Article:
Alexi and I have been doing distance since October 15, 2016.
A lot of my friends and people I know are doing or have done distance with their significant others. Given the realities of being a young person trying to make it in a competitive world, being in the same city or state as your person is not always an option. And so, you do distance.
Doing distance is brutal for many reasons. Not seeing your person every day. Not getting to hold them, kiss them, laugh at the petty mundane daily human stuff, dance with them, surprise them, sleep with them–it’s the little, quiet beautiful moments that feel the hardest.
But one of the worst parts are the drives to the airport after a visit.
The visits are like coming up for air after being submerged almost too long. You pull up take a big, fat gulp of air and feel instant relief. The world seems not just okay again, but pristine and perfect. Better than ordinary.
You live in a fairy tale world for a few days. You do everything together. You explore new places; you try new things; you do nothing at all. You are both in a bliss so pure and powerful that you forget about time and the fleeting nature of the visit.
Then, one day, your phone chirps at you to check into your flight. And it dawns on you. You must leave this paradise to return to the cold, icy water of distance. You have to get yourself back to a place you desperately do not want to be.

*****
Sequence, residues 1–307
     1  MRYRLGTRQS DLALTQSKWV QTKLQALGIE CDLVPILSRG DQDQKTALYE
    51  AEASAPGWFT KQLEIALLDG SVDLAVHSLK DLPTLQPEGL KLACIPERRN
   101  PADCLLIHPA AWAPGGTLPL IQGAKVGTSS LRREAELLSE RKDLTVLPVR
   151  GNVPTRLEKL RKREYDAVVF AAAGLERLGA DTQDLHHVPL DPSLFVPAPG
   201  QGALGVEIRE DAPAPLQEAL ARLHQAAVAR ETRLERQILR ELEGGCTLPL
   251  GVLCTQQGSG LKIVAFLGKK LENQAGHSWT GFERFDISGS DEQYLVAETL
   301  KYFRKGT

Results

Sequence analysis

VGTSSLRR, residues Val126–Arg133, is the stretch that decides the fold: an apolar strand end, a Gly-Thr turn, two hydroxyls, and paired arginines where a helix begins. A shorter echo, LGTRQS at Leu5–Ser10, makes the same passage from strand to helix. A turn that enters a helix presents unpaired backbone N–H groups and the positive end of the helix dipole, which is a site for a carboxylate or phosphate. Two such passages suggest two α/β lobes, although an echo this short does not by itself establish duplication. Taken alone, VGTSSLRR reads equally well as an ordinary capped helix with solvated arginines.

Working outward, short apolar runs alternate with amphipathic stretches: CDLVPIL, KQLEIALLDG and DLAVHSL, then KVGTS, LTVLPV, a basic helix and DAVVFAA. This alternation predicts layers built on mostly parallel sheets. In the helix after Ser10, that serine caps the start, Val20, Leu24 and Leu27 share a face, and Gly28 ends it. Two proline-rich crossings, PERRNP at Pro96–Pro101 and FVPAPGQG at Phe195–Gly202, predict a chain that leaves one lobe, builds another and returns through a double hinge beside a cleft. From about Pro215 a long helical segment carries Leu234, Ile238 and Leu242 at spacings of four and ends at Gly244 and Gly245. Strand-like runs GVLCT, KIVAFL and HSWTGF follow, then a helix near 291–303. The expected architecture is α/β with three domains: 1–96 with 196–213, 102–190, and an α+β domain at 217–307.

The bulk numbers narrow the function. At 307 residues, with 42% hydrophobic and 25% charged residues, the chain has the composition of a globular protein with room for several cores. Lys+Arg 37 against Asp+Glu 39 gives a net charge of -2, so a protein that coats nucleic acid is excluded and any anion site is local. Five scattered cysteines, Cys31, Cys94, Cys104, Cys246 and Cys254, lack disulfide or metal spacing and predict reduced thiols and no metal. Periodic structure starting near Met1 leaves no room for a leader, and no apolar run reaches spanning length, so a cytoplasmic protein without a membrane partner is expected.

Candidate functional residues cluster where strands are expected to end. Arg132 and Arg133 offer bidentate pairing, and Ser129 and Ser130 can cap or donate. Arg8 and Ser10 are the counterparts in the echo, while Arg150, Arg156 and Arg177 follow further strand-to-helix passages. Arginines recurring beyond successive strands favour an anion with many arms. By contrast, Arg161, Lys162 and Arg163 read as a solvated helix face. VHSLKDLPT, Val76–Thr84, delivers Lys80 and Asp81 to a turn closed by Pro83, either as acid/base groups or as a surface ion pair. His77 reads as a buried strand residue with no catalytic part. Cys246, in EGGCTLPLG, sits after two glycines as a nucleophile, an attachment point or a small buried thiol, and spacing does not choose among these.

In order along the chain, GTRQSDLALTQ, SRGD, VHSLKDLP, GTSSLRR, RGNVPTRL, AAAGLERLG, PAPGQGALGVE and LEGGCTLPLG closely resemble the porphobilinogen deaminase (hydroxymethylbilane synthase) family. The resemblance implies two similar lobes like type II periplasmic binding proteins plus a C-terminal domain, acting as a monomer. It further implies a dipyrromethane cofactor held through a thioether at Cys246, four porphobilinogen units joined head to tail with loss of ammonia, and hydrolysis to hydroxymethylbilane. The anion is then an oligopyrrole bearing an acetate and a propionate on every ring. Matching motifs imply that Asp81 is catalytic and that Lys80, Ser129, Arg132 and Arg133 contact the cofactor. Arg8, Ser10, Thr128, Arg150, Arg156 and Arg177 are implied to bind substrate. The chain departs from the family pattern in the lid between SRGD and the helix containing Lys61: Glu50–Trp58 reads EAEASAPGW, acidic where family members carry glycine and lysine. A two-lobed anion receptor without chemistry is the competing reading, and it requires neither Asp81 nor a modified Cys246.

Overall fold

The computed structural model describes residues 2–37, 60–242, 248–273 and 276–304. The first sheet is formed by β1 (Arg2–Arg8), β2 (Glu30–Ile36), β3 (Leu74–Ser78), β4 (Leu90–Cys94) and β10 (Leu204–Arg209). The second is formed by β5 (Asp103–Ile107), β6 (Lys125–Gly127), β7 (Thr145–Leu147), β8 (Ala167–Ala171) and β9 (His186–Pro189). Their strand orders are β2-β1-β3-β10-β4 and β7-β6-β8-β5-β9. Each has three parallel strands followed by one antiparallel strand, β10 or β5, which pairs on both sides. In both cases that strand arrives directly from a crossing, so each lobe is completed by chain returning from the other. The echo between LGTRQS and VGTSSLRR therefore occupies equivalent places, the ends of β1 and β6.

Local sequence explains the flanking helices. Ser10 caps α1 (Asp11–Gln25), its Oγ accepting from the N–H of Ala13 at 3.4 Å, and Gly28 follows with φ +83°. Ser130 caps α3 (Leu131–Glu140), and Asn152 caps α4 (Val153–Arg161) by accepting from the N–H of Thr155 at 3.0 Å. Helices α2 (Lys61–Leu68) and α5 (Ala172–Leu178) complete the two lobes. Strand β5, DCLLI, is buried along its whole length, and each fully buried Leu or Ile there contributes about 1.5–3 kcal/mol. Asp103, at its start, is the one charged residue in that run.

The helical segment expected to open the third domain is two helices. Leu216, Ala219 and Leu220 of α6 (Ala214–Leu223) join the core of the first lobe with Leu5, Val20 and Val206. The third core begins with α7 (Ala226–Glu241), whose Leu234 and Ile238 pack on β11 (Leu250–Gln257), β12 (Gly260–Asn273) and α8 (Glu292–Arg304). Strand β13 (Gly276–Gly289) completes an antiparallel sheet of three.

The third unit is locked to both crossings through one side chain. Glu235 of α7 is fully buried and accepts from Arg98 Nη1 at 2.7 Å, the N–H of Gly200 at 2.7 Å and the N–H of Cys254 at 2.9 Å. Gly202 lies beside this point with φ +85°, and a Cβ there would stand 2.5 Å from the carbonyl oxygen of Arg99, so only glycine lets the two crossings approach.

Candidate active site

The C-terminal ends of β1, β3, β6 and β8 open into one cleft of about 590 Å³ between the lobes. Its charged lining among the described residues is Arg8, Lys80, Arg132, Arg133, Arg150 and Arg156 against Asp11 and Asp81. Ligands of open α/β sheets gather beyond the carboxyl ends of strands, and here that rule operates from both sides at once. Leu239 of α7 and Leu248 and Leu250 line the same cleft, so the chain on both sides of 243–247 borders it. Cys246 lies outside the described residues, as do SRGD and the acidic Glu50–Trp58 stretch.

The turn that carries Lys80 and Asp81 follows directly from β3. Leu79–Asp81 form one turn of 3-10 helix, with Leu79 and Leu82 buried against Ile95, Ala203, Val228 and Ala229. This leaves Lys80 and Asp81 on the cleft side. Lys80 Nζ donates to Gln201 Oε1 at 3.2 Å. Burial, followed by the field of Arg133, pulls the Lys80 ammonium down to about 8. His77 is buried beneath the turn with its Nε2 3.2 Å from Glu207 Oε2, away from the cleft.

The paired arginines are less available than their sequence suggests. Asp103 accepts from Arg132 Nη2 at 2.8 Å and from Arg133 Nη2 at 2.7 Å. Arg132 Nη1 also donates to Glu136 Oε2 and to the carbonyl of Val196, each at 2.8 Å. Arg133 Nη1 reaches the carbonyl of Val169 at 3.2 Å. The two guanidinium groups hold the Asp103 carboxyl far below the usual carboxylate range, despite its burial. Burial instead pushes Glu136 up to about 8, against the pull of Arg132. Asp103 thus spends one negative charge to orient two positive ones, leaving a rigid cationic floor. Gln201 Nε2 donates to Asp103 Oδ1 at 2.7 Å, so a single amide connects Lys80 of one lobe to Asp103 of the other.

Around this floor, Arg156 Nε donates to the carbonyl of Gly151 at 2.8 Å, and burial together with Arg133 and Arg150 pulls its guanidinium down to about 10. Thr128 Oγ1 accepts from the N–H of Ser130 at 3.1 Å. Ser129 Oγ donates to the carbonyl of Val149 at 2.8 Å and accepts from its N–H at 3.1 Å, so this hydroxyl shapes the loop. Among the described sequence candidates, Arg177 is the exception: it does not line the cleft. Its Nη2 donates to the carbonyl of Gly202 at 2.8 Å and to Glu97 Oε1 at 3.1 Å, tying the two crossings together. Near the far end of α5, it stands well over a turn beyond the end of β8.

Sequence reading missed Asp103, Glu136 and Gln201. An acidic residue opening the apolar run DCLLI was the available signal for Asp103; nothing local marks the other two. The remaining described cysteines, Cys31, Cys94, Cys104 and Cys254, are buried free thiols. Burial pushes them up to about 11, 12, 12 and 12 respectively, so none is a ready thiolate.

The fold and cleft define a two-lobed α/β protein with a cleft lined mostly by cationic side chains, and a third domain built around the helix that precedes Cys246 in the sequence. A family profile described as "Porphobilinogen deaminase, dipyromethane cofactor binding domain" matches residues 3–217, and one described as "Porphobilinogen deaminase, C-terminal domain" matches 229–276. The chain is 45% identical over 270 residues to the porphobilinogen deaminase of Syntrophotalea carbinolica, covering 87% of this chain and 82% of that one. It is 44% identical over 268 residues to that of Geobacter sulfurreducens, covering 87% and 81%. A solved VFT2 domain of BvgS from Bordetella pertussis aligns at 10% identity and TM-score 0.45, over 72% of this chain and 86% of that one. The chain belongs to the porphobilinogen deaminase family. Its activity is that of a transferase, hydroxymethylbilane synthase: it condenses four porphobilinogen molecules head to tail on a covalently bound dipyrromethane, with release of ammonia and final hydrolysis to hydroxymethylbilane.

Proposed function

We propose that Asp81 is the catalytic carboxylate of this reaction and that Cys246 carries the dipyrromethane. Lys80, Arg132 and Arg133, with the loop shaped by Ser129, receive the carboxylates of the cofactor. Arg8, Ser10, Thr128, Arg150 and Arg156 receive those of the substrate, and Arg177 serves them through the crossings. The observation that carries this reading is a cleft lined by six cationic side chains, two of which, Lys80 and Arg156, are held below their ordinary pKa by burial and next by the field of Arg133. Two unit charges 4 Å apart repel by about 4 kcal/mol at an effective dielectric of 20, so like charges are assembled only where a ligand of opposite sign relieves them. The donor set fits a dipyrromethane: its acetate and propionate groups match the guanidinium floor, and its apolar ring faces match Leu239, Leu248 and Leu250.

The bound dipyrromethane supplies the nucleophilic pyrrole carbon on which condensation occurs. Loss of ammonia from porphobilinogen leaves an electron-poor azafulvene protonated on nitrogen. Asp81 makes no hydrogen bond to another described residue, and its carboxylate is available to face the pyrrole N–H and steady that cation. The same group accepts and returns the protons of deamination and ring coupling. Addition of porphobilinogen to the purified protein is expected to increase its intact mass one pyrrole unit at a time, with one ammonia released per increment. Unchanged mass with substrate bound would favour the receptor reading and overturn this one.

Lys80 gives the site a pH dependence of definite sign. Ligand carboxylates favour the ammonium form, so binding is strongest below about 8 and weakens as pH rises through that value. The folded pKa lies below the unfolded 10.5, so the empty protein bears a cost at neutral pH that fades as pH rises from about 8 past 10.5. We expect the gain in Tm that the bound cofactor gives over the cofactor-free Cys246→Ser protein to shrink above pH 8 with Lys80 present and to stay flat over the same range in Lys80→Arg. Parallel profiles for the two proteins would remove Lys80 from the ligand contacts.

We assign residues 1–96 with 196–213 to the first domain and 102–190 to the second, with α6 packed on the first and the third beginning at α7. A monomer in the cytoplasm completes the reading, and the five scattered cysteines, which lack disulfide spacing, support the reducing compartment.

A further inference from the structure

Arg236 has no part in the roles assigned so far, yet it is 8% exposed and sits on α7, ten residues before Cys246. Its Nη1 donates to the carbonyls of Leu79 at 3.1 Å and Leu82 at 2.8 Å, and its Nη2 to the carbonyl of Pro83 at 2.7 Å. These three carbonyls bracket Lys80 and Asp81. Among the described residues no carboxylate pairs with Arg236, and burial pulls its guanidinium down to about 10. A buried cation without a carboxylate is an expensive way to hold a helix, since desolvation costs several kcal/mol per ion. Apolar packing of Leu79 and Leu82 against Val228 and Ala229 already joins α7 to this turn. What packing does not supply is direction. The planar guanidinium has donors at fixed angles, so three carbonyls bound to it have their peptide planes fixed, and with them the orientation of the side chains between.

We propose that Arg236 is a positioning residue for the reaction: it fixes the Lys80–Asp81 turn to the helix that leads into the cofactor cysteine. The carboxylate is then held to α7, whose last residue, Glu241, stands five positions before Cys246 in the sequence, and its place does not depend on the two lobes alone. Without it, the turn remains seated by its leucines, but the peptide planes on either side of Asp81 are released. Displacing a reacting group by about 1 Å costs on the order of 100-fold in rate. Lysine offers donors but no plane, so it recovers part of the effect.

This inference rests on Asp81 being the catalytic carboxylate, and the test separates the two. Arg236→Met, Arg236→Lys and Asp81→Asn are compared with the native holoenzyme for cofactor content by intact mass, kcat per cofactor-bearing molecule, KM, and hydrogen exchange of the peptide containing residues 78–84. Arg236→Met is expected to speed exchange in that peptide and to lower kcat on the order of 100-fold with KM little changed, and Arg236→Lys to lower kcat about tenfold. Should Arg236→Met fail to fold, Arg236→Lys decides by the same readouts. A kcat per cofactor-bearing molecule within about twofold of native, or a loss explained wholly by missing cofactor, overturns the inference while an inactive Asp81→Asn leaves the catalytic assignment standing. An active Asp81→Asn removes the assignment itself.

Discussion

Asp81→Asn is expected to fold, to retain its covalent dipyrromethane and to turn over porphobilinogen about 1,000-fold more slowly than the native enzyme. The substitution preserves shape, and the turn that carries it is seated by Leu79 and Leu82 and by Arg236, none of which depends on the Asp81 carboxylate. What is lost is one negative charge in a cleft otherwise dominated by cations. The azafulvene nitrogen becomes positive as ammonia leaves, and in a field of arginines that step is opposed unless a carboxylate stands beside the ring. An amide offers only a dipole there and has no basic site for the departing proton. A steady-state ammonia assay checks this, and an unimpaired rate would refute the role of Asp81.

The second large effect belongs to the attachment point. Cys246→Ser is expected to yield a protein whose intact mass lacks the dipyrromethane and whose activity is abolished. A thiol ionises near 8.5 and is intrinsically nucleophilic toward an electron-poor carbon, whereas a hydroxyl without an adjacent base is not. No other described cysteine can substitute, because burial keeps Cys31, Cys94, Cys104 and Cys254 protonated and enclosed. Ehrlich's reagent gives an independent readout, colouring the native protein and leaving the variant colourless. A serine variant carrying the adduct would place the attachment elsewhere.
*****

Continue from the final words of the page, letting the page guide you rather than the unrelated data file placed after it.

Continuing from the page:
You break the news softly to her. ‘So, it looks like my flight’s on time.’ Her smile drops silently from her face. You look down. Reality penetrates the rosy facade of the visit. Distance bears down on you both.
The peak of the pain is the drive back to the airport. You make small talk. You try to not just dwell on what’s about to happen, but you know it’s unavoidable because shortly you will be kissing her like you’re not going to be able to again for weeks–and it’s a true simile.
Tearfully, you share a quiet moment in the car next to a sign that shouts:”Immediate drop-offs only. No standing!” You know you’ll see her again–maybe soon, but not soon enough. And you dive back into the black sea of distance.
You do this distance because you love your person. You do it because you need your person. And you’d do anything for your person.
The hours alone on the cramped, sky-bus called a plane are all worth the 48 hours together.
You do the distance also and primarily because of the invaluable someday just beyond the approaching horizon. The someday when the distance is vanquished. No more departure lane goodbyes. No more empty beds and solo flights.
Because someday you will be together without three time zones separating you two, you go the distance. Because someday you will share every small, soft moment of joy together, you go the distance. Because of love, you can, will, and do go the distance.
And someday, you will approach the departure lane with your person and you will both go some distance together. And, in that moment, you will come to realize you never did the distance alone though you were alone. When you do distance with your person, you are just two travelers taking a long journey through the empty valleys and prairies of Separation in order to get to Together.
And someday comes suddenly. So, you hold on and keep pushing on towards your Together.